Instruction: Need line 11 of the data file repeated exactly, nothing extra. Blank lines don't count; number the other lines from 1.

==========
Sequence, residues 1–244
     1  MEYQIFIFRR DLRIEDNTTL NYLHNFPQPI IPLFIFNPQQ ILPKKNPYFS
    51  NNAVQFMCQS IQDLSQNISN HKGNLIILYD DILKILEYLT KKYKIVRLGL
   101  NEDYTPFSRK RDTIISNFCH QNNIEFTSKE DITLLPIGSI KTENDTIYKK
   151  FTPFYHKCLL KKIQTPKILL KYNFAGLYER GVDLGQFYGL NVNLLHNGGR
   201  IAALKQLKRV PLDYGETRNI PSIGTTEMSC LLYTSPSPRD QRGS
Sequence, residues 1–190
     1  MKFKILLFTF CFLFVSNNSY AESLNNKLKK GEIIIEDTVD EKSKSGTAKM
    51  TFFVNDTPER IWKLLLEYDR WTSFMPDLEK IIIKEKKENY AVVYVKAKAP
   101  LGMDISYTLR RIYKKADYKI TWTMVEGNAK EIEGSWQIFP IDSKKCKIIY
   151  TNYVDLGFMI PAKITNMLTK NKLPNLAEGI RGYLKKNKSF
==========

   151  TNYVDLGFMI PAKITNMLTK NKLPNLAEGI RGYLKKNKSF